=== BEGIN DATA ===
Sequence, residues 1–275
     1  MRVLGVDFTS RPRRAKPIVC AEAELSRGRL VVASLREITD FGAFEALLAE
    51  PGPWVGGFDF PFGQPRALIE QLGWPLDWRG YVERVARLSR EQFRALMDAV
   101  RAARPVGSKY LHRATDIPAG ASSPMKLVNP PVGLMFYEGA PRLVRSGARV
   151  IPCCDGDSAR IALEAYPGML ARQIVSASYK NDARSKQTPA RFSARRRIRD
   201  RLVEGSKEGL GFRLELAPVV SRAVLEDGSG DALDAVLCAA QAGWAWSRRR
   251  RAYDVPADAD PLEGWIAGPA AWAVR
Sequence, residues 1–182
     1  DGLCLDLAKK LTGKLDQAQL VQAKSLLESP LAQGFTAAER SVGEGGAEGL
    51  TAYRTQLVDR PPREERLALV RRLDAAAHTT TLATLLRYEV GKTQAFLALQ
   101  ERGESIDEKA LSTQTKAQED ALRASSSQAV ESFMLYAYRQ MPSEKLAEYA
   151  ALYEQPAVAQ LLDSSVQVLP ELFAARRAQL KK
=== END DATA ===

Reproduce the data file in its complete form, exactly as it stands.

Sequence, residues 1–275
     1  MRVLGVDFTS RPRRAKPIVC AEAELSRGRL VVASLREITD FGAFEALLAE
    51  PGPWVGGFDF PFGQPRALIE QLGWPLDWRG YVERVARLSR EQFRALMDAV
   101  RAARPVGSKY LHRATDIPAG ASSPMKLVNP PVGLMFYEGA PRLVRSGARV
   151  IPCCDGDSAR IALEAYPGML ARQIVSASYK NDARSKQTPA RFSARRRIRD
   201  RLVEGSKEGL GFRLELAPVV SRAVLEDGSG DALDAVLCAA QAGWAWSRRR
   251  RAYDVPADAD PLEGWIAGPA AWAVR
Sequence, residues 1–182
     1  DGLCLDLAKK LTGKLDQAQL VQAKSLLESP LAQGFTAAER SVGEGGAEGL
    51  TAYRTQLVDR PPREERLALV RRLDAAAHTT TLATLLRYEV GKTQAFLALQ
   101  ERGESIDEKA LSTQTKAQED ALRASSSQAV ESFMLYAYRQ MPSEKLAEYA
   151  ALYEQPAVAQ LLDSSVQVLP ELFAARRAQL KK